Assess Your Levels of Well-Being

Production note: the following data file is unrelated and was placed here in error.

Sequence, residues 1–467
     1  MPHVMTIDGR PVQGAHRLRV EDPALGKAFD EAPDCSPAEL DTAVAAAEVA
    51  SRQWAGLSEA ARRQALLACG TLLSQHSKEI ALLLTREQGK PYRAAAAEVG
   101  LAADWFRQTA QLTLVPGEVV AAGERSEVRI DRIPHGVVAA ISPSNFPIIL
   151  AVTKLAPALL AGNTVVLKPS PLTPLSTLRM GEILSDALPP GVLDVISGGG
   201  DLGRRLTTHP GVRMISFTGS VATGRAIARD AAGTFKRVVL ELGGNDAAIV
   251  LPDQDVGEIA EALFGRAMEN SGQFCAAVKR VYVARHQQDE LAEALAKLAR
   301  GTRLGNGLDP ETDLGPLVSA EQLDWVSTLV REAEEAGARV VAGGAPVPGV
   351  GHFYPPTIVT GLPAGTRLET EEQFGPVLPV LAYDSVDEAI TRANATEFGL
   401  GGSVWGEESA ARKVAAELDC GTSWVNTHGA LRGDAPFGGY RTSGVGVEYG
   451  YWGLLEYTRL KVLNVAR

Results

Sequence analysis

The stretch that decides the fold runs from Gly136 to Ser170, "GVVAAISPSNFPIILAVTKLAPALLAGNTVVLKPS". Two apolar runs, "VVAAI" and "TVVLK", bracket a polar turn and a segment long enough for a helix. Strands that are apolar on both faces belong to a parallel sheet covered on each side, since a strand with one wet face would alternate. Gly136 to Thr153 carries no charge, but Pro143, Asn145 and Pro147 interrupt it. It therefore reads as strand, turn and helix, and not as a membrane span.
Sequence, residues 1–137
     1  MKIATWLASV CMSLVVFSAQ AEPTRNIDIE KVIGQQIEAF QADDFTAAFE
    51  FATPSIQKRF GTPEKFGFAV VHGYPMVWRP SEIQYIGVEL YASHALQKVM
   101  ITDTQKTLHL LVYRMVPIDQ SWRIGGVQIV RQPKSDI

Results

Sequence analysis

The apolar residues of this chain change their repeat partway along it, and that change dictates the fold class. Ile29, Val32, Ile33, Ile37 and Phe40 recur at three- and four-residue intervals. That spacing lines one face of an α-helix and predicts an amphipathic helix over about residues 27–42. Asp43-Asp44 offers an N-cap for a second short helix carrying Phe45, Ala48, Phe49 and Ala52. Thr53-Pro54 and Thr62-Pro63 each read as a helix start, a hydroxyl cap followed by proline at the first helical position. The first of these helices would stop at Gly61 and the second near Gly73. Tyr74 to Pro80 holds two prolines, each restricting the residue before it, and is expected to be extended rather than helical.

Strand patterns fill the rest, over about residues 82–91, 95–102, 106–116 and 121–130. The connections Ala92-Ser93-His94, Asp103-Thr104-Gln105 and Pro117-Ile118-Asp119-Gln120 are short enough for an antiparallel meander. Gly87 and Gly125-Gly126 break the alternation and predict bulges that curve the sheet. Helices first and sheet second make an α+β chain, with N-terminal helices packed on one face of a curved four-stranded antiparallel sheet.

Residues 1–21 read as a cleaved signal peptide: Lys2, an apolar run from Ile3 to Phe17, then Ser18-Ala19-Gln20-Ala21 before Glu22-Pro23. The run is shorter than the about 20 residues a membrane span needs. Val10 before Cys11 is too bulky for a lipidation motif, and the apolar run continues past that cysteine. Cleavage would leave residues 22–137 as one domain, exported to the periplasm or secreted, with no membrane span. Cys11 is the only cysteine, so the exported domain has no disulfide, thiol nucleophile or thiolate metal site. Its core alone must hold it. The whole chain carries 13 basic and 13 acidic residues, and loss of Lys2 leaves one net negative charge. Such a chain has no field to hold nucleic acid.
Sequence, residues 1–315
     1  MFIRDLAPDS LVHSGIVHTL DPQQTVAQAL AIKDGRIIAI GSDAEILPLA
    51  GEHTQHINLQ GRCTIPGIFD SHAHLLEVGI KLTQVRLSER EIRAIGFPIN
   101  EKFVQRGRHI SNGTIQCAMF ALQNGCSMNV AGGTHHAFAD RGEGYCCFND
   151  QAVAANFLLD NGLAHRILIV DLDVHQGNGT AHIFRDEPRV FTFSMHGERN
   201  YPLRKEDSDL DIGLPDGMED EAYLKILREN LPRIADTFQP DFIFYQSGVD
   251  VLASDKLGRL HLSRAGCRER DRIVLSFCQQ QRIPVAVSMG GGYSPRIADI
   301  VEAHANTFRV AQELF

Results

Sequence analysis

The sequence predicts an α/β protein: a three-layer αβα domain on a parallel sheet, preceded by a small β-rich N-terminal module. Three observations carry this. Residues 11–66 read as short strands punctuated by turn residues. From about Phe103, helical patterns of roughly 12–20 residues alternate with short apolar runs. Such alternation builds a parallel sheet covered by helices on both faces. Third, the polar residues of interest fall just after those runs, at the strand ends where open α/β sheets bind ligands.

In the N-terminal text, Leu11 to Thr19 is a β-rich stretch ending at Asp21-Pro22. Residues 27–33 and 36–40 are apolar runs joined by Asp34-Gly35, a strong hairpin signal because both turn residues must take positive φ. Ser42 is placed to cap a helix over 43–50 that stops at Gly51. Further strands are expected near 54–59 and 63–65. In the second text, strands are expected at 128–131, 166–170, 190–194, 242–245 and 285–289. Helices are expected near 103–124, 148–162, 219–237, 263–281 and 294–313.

Stress and feeling good are not mutually exclusive. In fact, when we use stress to help us learn and grow, it becomes central to the experience of well-being. Therefore, in order to embrace the positive side of stress, it is necessary to understand well-being. Well-being is more than feeling happy or content in life. Ancient Greek philosophers conceived of happiness as addressing two main areas: hedonia and eudaimonia. Hedonia—or hedonism—means to pursue pleasure and avoid pain. We all want to do that! More specifically, it refers to the pleasures you seek in your daily life. You get pleasure from slowly chewing on a bar of chocolate or feeling the crisp wind against your cheeks. Eudaimonia refers to the happiness that comes from life fulfillment, engagement, and meaning. You experience this during a stimulating conversation with a friend or by being busy and productive doing work you love. Both types of happiness are important. Modern-day psychologists have expanded these early thoughts on happiness into a more comprehensive theory of well-being. One pioneer in this area is theorist and positive psychology founder Martin Seligman (2011), who describes five core areas of well-being: 1. Positive emotions 2. Engagement 3. Relationships (positive) 4. Meaning 5. Accomplishment These areas are captured by the acronym PERMA. Since Seligman’s theory came out, there have been many leaders in the field of positive psychology who have argued for a sixth domain of well-being: health. Since I agree that health is an additional, crucial element in the arena of stress and well-being, I’ll present the PERMA-H theory in the following chart: